A Letter from Our Executive Director

When I walked into URGE in January 2000 as the Maxine Water Reproductive Freedom Fellow, I didn’t know what it meant for me to be a leader. All I knew was that I wanted to do good work and I wanted to do that in community with good folks.

For me, and for so many others, URGE is a part of that community. From the Abortion Positive billboards in Kansas to the 16 #noborderwall resolutions passed in the Rio Grande Valley of Texas to the fight to #BeBoldEndHyde with All* Above All, URGE has shown up in our movement in ways I only dreamed of when I first took over as Executive Director 10 years ago.

We have more than tripled our budget and doubled the number of staff with half of our staff located in the states where we do the work. Registering and engaging voters in Birmingham, Alabama, working to expand the non-discrimination statute in Ohio, and identifying new and young leaders in Athens, Georgia is exactly where we want to be. It is here where we build for the win and invest in local power to sustain justice.

We have come a long way. I am so proud of the evolution of this organization and, while I fully celebrate who we are now, I also know that we have to be and do more. The political and cultural times demand it. The young people we work with expect it. And URGE has strong values and a deep commitment to be the change we want to see in the world.

When I started as executive director, URGE had a majority white staff and constituency and we prided ourselves on being an organization of women and girls. Today, over 75% of the staff and 50% of the constituents identify as people of color. And with each passing year, URGE more explicitly holds itself and others accountable to a gender equity frame that includes genderqueer, transgender, and non-binary folks and young men.

Our work is not done. Our country is evolving. Our movement is evolving. Our communities are evolving. To stay relevant and impactful, organizations must also evolve. URGE is no exception. As URGE moves forward, the organization will be even more intentional and explicit about centering the perspectives and leadership of young people of color. URGE will raise the bar even higher for ourselves to fully integrate a broader gender equity frame that is reflected in our campaigns, culture, and leadership. And we will be even more bold and unapologetic as we organize to eradicate barriers to young people’s ability to exercise their political and personal agency.

As we stand in awe of the butterfly, we know it is impossible to hasten its evolution from a caterpillar, it is futile to judge its process, and utterly ridiculous to mark its imperfections! We can only trust that with the right conditions and in time, it will evolve and stun us with its beauty as it takes flight.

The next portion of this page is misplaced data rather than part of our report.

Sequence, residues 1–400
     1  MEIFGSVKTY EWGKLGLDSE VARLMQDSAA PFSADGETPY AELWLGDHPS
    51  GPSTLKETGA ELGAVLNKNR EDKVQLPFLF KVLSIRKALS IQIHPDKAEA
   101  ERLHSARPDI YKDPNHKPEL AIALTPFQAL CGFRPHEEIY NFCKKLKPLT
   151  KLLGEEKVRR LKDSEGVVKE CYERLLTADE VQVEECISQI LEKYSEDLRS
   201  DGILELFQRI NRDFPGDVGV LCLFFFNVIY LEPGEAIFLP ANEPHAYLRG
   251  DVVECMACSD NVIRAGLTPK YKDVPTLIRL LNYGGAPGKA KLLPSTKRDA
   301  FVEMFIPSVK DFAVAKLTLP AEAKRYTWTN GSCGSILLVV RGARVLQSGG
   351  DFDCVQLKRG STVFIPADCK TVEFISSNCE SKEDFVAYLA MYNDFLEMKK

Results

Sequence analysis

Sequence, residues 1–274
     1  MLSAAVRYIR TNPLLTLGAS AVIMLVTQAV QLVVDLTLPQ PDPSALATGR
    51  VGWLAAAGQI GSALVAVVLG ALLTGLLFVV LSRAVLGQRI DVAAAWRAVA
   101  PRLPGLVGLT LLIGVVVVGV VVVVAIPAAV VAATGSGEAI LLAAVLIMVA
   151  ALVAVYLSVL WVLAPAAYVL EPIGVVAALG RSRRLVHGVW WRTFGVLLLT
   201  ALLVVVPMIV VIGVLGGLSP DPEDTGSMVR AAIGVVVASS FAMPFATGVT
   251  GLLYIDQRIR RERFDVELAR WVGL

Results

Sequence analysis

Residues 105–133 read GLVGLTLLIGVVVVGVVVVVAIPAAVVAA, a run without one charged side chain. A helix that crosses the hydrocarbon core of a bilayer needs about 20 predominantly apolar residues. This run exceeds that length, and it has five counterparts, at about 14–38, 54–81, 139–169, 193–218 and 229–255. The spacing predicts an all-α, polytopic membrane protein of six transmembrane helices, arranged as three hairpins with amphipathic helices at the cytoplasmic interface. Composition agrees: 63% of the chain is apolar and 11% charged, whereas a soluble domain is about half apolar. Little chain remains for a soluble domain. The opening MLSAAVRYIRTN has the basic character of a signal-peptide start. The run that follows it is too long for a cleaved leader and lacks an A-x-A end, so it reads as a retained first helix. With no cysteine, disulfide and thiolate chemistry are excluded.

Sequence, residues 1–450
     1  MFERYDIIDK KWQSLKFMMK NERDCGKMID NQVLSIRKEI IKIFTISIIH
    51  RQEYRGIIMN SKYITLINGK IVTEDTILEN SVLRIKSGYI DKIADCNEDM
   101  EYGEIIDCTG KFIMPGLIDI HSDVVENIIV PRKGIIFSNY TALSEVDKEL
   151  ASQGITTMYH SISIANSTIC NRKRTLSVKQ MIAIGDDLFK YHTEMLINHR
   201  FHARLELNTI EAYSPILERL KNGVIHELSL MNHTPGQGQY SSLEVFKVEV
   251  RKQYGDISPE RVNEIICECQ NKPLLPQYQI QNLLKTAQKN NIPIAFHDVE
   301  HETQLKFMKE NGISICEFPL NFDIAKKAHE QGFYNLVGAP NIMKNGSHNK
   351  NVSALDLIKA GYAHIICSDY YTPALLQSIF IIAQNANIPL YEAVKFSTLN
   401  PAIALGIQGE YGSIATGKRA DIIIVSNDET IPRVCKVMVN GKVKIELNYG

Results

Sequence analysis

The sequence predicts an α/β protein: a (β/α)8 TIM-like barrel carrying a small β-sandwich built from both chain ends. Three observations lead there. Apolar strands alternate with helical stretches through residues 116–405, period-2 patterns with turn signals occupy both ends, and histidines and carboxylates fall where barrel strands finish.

Each of us is also on that journey to realize the greatest expression of our humanity. And so, let us be gentle with one another and exercise patience, passion, and resilience during our personal and movement evolutions. Great beauty awaits us on the other side—and in the journey, too.

In the 18 years I’ve been at URGE, we have built power with young people, in communities of color, and in politically hostile locales. This work is essential to creating the conditions for justice. Let’s reflect on how our words, actions, and strategies can exemplify our intention to bend the arc of history toward justice. And as we falter—which we will—let’s gather the lessons from those moments and leave behind what doesn’t serve our greater aspirations.

If we can acknowledge that it is impossible to be perfect, we allow ourselves and others the gift of space to fail on the path to victory. I can be right. I can be mad. I can be hurt. But at the end of the day, social movements are not built on the success or failure of one leader, or one organization. It is only through community that real change can happen.

As I step away from one incredible organization and join a new one, my own personal journey continues. One of the biggest lessons I take with me is that being a feminist—being a racial justice advocate and a champion for gender equity—does not mean that I ever get to stop learning. I don’t have all the answers figured out and I never will.

As I walk out of URGE on the precipice of a new year, a new season, and new political reckoning, I recognize that the end is just a new beginning. I promise to myself and to all of you to stay forever committed to the success of reproductive justice and in URGE’s role in helping to see justice prevail. I am excited for all the new beginnings and I can’t wait to see what happens next!

With love, gratitude and solidarity,